Vulnerable Person Self-Registry (Calgary Police Service) 

This is now done through MedicAlert, which is a registered charity that offers flexible subscription plans and financial assistance to those who need it. There is a small fee to subscribe. 

Through the MedicAlert Connect Protect program, Emergency Communications Officers at Calgary 9-1-1 will have 24-hour direct access to every MedicAlert subscriber’s recent photo and personal information including identity, physical descriptions, condition descriptions, medical needs, wandering history, and behavior management strategies such as anxiety triggers and de-escalation techniques. The database also includes emergency contact information, allowing first responders to quickly contact a subscriber’s loved ones. IDs can take any form that works for the subscriber, including watches, jewelry, or even shoe tags. See 


Dress children in bright-colored clothing so they can easily be spotted. Lemon yellow and lime green are the suggested colors because they easily attract the eye. You might also have a piece of clothing that is only worn when the child goes out in public so you can easily remember what they are wearing 

Take a photo of your child with your phone before you leave home or when you arrive at your destination. This will help police find a lost child because they will be aware of exactly what the child is wearing, and how they look that day. 

Discuss a designated place to go if you get lost or advise children to stay right where they are when they feel they are lost. Tell children to find a security officer, police officer or an employee if you are in a public place or remind them that they can ask another adult with kids for help. 

Prepare your child so that they can identify themselves. For younger children, have their identification information in their pocket. If they able to speak and can relay the information, practice reciting your phone number with them, and let them know they can always call 911. 

Positive reinforcement is the best way to prevent a child from wandering away from you when you are in a public place. Praise your child for staying close to you. Speak with your child about stranger danger and remind them of the importance of staying with you. Social stories can be effective ways to describe a situation and the appropriate social or behavioral responses for that situation.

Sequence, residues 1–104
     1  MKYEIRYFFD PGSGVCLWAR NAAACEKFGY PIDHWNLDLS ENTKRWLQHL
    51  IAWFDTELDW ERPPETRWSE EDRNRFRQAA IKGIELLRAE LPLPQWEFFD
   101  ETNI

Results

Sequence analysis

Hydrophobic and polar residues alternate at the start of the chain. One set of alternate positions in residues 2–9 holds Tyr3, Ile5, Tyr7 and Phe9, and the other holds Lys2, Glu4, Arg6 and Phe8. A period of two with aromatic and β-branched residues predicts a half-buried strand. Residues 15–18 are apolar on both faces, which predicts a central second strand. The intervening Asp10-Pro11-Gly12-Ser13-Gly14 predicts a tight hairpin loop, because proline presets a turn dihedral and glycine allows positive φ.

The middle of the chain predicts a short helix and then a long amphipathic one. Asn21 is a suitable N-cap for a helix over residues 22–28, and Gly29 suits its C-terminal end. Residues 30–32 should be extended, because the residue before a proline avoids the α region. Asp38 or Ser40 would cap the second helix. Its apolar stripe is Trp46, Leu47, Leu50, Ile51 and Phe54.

What to do if your child is lost 

If you are at home, search your house first before going outside. Check closets, laundry baskets and piles of clothes, in and under beds, in large appliances, in vehicles and other areas where the child may hide or play. 

If you still can’t find the child in the home, call 911 to notify them and let them know if you feel the child is in any danger. Police departments would rather be aware of the situation and called back when the child is found, rather than wasting valuable minutes to find the child. Time is crucial once a child has been separated from you. 

In the community- many public places have standard procedures of what to do when a child is missing, so call 911 to make sure authorities and the venue’s management are notified that the child is lost. Authorities will be able to help because they are familiar with the area’s surroundings and could have the capability to lockdown buildings or issue an alert. 

GPS Apps 


Trax Play- 



My Buddy Tag- 

(not an exhaustive list) 


Calgary’s Child-